Whichever interests will shape the future of personalisation – those of consumers or those of platforms, advertisers, and traders – as long as the necessary data will be generated on digital platforms, several core problems of platform governance remain salient: informational imbalances, concentration, and the economic engineering of choice sets.

These problems cannot all be addressed by consumer law. With its Digital Services Act (DSA), the European Union (EU) recently chose to regulate platforms somewhat more tightly, but left the state of consumer law largely untouched. At the same time, the DSA frequently refers to consumer protection. The remit of its liability regime for hosting services draws upon the average consumer paradigm (Art. 6(3) DSA). Changing consumer law by giving up on the average consumer could thus granularise platforms’ liabilities. While Article 25 DSA protects users’ “informed decisions” from manipulative or distorting interface design, it excludes practices which are covered by consumer law. Even a conservative reform measure such as adding noise to targeting may thus have to be implemented via consumer law, although it merely reinstates the preconditions of reasonable consumer choice through platform governance.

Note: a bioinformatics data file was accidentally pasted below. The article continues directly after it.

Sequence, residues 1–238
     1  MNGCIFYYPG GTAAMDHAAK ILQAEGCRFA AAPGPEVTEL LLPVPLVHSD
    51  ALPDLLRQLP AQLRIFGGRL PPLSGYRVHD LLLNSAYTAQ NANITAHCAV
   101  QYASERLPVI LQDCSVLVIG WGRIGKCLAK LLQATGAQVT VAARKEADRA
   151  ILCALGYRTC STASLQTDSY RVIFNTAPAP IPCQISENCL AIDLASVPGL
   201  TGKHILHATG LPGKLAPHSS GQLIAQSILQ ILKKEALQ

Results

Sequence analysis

It appears that personalising consumer law properly would require conditions of data generation on platforms that consumer law alone cannot guarantee. At the same time, the DSA as a centre piece of EU platform governance demarcates its remit by reference to the old paradigms of consumer law. Whether we will see reform or revolution in the law may thus depend on where the current legal paradigms will first cease to guide well through problems of personalisation: consumer law or platform governance law. With the changing monetisation strategies on social media platforms, many of its users will be consumers in one context and advertisers in another. In trying to address this complexity well, the pressure to granularise or even revolutionise legal benchmarks of reasonable consumer behaviour may rise further.